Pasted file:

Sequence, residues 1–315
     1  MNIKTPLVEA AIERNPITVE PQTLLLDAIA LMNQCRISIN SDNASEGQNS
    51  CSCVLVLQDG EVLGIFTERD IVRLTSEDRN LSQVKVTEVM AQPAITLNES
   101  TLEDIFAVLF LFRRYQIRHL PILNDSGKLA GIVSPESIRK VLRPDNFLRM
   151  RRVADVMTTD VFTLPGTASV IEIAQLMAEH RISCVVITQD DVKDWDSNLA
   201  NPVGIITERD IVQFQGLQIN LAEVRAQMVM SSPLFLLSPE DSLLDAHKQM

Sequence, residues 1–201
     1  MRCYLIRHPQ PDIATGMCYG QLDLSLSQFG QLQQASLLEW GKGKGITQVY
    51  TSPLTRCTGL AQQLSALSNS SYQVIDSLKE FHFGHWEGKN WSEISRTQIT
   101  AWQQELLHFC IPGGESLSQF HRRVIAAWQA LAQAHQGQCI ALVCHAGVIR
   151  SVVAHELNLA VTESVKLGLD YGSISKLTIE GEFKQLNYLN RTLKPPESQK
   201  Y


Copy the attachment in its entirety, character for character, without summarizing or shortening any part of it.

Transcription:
Sequence, residues 1–315
     1  MNIKTPLVEA AIERNPITVE PQTLLLDAIA LMNQCRISIN SDNASEGQNS
    51  CSCVLVLQDG EVLGIFTERD IVRLTSEDRN LSQVKVTEVM AQPAITLNES
   101  TLEDIFAVLF LFRRYQIRHL PILNDSGKLA GIVSPESIRK VLRPDNFLRM
   151  RRVADVMTTD VFTLPGTASV IEIAQLMAEH RISCVVITQD DVKDWDSNLA
   201  NPVGIITERD IVQFQGLQIN LAEVRAQMVM SSPLFLLSPE DSLLDAHKQM

Sequence, residues 1–201
     1  MRCYLIRHPQ PDIATGMCYG QLDLSLSQFG QLQQASLLEW GKGKGITQVY
    51  TSPLTRCTGL AQQLSALSNS SYQVIDSLKE FHFGHWEGKN WSEISRTQIT
   101  AWQQELLHFC IPGGESLSQF HRRVIAAWQA LAQAHQGQCI ALVCHAGVIR
   151  SVVAHELNLA VTESVKLGLD YGSISKLTIE GEFKQLNYLN RTLKPPESQK
   201  Y